Unpleasant surprises in retirement aren't what you think
Large events that stress a nest egg are more common than you might imagine.
By Jeff D. Opdyke Rate.com
FEBRUARY 29, 2020 — 8:49AM
Unexpected financial shocks can be particularly stressful for retirees. Not run-of-the-mill expenses like, say, a higher auto insurance premium or a property-tax increase. We are talking about large events that stress a nest egg. They are more common than you might imagine.
Indeed, the Society of Actuaries’ Committee on Post-Retirement Needs and Risks has been working for two decades to better grasp how retirees manage financial issues.
The results: Nearly one in five retirees, and nearly one in four retired widows will experience four or more financial shocks.
Unexpected health care costs get a lot of attention, but the actuaries found that’s typically not the biggest bugaboo. Retirees who have Medicare and a supplemental plan (about 81% of them, according to Kaiser Family Foundation) typically have their medical bills well covered.
Instead, the actuaries report that, based on focus groups, the most common financial shocks are major home repairs (28% of retirees) and major dental costs (24%). The latter occurs because Medicare and most supplemental plans have weak or no dental coverage.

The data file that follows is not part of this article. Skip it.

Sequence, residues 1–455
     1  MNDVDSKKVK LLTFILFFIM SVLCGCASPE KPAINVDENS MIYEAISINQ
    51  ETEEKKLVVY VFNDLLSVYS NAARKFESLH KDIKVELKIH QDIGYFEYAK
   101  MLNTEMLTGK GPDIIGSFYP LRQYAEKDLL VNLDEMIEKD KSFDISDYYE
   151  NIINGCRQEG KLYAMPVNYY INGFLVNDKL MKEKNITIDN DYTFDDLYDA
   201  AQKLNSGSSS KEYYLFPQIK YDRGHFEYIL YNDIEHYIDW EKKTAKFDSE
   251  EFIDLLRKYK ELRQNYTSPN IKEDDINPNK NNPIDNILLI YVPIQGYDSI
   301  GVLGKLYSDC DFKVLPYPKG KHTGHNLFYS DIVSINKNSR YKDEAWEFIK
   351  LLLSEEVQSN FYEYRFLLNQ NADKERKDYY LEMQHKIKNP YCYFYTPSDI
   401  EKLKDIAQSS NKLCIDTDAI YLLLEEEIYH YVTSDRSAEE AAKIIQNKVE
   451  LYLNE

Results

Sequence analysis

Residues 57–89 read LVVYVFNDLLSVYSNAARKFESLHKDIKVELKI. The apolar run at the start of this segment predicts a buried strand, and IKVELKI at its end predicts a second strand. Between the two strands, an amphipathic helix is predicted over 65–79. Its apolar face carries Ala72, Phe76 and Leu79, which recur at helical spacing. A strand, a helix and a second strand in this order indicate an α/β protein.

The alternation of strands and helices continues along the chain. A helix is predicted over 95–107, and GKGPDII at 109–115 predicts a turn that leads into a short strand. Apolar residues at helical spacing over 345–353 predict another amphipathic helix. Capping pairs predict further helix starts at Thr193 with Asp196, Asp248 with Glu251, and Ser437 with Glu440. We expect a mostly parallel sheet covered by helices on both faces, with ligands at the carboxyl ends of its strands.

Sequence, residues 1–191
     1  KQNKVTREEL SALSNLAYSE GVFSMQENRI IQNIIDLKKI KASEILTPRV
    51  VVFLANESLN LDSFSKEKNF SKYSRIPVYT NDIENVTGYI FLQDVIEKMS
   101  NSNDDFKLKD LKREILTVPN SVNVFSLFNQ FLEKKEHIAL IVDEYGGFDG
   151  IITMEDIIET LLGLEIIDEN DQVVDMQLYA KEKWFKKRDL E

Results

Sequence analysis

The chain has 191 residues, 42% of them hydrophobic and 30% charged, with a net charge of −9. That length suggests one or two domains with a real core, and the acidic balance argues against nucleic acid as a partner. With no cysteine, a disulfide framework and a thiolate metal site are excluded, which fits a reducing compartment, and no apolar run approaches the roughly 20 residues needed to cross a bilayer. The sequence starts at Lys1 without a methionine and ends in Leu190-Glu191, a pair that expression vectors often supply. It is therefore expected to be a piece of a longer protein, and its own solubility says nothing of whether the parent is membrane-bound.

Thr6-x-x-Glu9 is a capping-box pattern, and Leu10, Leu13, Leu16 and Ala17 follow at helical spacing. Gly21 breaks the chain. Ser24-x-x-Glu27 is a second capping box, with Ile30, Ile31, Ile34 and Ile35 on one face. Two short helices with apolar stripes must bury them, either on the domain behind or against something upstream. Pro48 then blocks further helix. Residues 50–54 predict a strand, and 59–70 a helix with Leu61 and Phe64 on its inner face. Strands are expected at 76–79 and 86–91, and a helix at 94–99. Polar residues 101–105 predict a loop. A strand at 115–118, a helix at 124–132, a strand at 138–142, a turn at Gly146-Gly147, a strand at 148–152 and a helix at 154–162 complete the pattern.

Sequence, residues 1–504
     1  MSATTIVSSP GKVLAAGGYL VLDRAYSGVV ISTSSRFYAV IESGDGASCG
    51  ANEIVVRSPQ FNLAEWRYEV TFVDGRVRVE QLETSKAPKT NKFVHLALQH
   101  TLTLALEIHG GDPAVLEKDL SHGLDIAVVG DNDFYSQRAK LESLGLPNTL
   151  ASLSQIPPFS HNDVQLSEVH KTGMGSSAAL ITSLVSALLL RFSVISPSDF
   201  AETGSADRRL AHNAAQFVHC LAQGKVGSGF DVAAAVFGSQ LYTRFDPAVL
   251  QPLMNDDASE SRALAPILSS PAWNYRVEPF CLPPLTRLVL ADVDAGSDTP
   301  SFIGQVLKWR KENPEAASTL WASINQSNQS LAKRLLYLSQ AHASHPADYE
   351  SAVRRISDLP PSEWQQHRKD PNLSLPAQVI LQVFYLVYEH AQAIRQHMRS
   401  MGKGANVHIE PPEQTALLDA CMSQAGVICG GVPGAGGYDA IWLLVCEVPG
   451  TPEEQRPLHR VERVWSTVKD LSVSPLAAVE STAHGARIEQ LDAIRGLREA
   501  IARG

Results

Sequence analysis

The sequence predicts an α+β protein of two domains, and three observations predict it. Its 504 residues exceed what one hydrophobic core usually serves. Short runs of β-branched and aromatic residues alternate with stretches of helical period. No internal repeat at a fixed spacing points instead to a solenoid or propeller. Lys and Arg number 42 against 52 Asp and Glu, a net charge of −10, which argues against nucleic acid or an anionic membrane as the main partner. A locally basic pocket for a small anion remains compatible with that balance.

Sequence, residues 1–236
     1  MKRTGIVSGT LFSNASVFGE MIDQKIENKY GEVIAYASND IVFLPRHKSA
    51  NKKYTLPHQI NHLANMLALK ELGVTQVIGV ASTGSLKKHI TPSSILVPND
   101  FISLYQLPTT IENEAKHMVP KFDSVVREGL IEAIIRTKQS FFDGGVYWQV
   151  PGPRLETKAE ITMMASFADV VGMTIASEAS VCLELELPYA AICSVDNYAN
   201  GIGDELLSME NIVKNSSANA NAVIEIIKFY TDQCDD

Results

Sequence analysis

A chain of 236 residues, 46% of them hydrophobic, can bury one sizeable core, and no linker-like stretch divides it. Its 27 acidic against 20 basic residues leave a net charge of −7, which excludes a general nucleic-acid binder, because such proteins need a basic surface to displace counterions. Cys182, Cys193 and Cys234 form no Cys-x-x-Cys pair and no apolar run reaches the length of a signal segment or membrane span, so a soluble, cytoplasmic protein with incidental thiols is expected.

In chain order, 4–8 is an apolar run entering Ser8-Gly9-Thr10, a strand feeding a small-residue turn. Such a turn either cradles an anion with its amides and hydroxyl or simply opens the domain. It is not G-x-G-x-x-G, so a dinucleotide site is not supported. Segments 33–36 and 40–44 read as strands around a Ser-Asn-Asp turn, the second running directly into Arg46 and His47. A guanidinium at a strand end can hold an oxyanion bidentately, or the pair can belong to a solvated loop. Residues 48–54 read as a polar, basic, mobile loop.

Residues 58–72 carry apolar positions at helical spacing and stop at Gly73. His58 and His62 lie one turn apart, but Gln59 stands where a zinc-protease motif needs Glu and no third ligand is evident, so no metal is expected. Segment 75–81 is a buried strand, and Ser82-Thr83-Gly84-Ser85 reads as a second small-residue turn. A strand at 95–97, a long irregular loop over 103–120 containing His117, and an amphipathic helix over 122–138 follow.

Other significant shocks include widowhood, divorce during retirement, long-term care expenses and adult children needing financial assistance.
The actuaries’ research suggests retirees are resilient, making necessary adjustments to their spending to cover the shocks. But those adjustments are often substantial, leading to a degraded lifestyle.
More than a third of retirees saw their assets decline by 25% or more. Roughly 10% had to reduce monthly spending by 50% or more.
Will you need $20,000 of emergency dental work in a few years? Will you and your spouse have to drastically reduce the assets on which you live? Will a hailstorm in 2023 damage your roof, allowing rain to seep in over time and rot walls and promote mold? Will an adult child need help?
Surviving such events means, of course, preparing for them, sometimes after you’ve retired. Building an emergency fund as large as possible is the obvious first step. That will help defray the costs of a new roof or a dental emergency.
Some costs, like long-term care, are beyond all but the biggest emergency fund. A long-term care policy is one option. Having a line of credit available can also help you navigate a financial shock. Most lines of credit are structured around home equity, and these days they charge interest rates of 4.3% to 6.5%. That’s substantially less than credit cards.